Inherited Craziness
A place to share all the nuts found on my family tree

Showing posts with label Laver. Show all posts
Showing posts with label Laver. Show all posts

Wednesday 21 February 2024

Stephen Thomas Wilton and Sarah Anna Laver

St John the Baptist, Crondall Street, Hoxton
cc-by-sa/2.0 - © John Salmon -

Stephen Thomas Wilton (bap. 29 May 1842 at St Giles, Mountnessing), son of Henry Wilton and Sarah Staines, married Sarah Anna Laver (b. 1854) on 21 Feb 1874 at the church of St. John the Baptist, Hoxton. Reported in The Essex Standard, West Suffolk Gazette, and Eastern Counties' Advertiser of Friday, February 27, 1874, it states that Sarah Anna was the second daughter of the late Mr. John Laver, of Felsted [and his wife Caroline Stevenson].

Stephen and Sarah Wilton had five children:
  1. Thomas Stephen Wilton b. 5 Feb 1875 M Quarter in DUNMOW UNION Volume 04A Page 429, bap. 9 Apr 1875 in Dunmow
  2. Miriam Stevenson Wilton b. 1877 J Quarter in DUNMOW UNION Volume 04A Page 443, bap. 13 Jun 1877 in Dunmow
  3. Henrietta Staines Wilton b. 1879 M Quarter in DUNMOW UNION Volume 04A Page 474, bap. 16 Apr 1879 in Dunmow
  4. Ethel Maud Wilton b. 1882 S Quarter in DUNMOW UNION Volume 04A Page 524, bap. 15 Oct 1886 in Barking
  5. William Laver Wilton b. 1883 D Quarter in DUNMOW UNION Volume 04A Page 556, bap. 15 Oct 1886 in Barking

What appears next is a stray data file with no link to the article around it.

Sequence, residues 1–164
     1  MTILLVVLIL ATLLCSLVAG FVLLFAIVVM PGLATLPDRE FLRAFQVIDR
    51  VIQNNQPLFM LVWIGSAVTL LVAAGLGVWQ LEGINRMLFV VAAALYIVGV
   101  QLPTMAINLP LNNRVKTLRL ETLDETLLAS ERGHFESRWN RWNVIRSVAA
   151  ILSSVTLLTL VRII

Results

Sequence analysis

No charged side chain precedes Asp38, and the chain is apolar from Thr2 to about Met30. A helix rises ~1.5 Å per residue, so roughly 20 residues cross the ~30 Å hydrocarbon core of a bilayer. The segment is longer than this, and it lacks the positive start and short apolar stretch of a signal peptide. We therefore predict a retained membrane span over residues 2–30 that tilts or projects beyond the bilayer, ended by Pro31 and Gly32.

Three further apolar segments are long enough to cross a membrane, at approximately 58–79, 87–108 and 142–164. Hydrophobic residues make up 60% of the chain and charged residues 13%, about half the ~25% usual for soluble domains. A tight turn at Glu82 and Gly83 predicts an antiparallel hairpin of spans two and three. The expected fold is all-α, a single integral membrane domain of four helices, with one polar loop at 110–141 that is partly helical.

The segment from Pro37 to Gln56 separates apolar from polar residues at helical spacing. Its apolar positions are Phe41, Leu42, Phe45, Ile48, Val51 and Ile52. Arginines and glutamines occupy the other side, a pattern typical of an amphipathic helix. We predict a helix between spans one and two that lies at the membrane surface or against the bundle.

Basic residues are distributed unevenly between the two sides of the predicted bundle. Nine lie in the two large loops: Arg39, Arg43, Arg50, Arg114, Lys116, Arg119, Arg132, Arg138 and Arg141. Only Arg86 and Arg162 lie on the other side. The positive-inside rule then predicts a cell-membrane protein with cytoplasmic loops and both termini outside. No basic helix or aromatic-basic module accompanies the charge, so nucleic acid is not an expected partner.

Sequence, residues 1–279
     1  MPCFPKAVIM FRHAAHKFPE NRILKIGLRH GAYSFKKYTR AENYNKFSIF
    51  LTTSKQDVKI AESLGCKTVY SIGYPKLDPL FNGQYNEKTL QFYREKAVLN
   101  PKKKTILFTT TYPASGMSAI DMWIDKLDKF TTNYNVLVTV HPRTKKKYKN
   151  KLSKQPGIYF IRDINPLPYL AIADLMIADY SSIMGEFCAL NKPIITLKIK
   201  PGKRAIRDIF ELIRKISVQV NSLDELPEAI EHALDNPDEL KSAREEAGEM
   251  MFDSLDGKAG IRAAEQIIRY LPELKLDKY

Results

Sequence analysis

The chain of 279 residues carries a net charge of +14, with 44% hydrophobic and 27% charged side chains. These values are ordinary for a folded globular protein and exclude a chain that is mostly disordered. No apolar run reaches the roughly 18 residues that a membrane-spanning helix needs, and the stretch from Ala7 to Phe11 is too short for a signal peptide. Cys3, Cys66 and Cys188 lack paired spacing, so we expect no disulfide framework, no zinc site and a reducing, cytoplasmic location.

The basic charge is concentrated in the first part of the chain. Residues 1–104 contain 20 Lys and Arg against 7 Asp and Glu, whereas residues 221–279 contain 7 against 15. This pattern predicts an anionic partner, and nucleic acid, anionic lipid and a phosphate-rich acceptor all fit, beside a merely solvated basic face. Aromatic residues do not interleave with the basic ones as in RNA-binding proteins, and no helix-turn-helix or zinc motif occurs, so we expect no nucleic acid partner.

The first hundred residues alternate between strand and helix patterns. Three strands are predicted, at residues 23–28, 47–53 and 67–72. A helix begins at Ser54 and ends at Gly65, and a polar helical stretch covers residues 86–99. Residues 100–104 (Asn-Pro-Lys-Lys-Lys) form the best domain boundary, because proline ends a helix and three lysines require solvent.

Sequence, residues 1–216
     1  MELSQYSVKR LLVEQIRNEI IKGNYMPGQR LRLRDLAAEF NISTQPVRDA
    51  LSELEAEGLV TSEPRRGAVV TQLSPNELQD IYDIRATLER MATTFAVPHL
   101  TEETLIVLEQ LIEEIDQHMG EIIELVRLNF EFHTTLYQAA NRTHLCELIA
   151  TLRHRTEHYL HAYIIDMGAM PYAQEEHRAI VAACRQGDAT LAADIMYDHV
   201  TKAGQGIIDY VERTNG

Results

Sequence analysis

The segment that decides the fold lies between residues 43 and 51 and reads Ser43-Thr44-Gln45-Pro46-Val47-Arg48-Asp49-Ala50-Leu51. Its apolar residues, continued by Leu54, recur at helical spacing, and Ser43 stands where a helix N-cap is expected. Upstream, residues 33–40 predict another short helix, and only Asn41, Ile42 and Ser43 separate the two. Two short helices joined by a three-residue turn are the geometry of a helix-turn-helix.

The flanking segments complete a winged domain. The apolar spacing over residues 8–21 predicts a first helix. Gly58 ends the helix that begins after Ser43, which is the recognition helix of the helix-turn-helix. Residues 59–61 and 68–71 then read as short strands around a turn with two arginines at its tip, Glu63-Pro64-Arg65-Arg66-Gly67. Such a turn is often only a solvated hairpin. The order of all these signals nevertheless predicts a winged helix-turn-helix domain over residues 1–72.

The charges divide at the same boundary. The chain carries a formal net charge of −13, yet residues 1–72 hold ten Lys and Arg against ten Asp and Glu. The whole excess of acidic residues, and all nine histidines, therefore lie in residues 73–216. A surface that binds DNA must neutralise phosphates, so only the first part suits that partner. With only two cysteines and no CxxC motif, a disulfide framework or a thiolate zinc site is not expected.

The last two baptisms list their father with his original trade of Cabinet Maker. In 1861, Stephen Wilton (19), in the High Street, Great Dunmow was listed as a Cabinet Maker. Still there in 1871, Stephen Thos., aged 29, was once again described as a Cabinet Maker. The Post Office Directory of Essex 1874 also listed Stephen Thomas Wilton as a cabinet maker.

In 1881, Stephen T Wilton (39), Upholsterer, at the Furnishing Warehouse, High Street, Great Dunmow, with wife Sarah A (26), Thomas S (6), Miriam S (4) and Henrietta S (2) and Lizzie Turner (15), General Servant.

The Essex Newsman on 16 Sep 1882 reported that Mr Robert Low, livery-stable keeper and proprietor of the Dunmow Temperance Hotel (White Lion, High Street, Dunmownow in retail use), was summoned for being drunk while in charge of a horse and cart on the highway at Great Dunmow on Wednesday, 30 Aug. [I'll wait while you ponder the irony of the proprietor of a temperance establishment being drunk.] The point of mentioning this case is that the horse and cart, we were told, were the property of Mr. Stephen Wilton. Stephen didn't have the best sort of friends, me thinks.

In 1883, John Stokes of Great Dunmow, thatcher, was charged with obtaining a hayfork, value 2s. 2d., from Mr. Stephen T. Wilton, ironmonger, at Dunmow on the 11th July. The prisoner went to plaintiff's shop and represented to a youth in charge that he was going to thatch Mr. H. Wilton's stack (complainant's father's), and was sent by him for a fork. A fork was supplied, and the statement was found to be false. The magistrate consented to the case being settled out of court on defendant paying the costs, 6s. 2d., which he gladly did.

So after many years working as a Cabinet Maker and Upholsterer, it would appear that Stephen Wilton had changed his trade to ironmongery.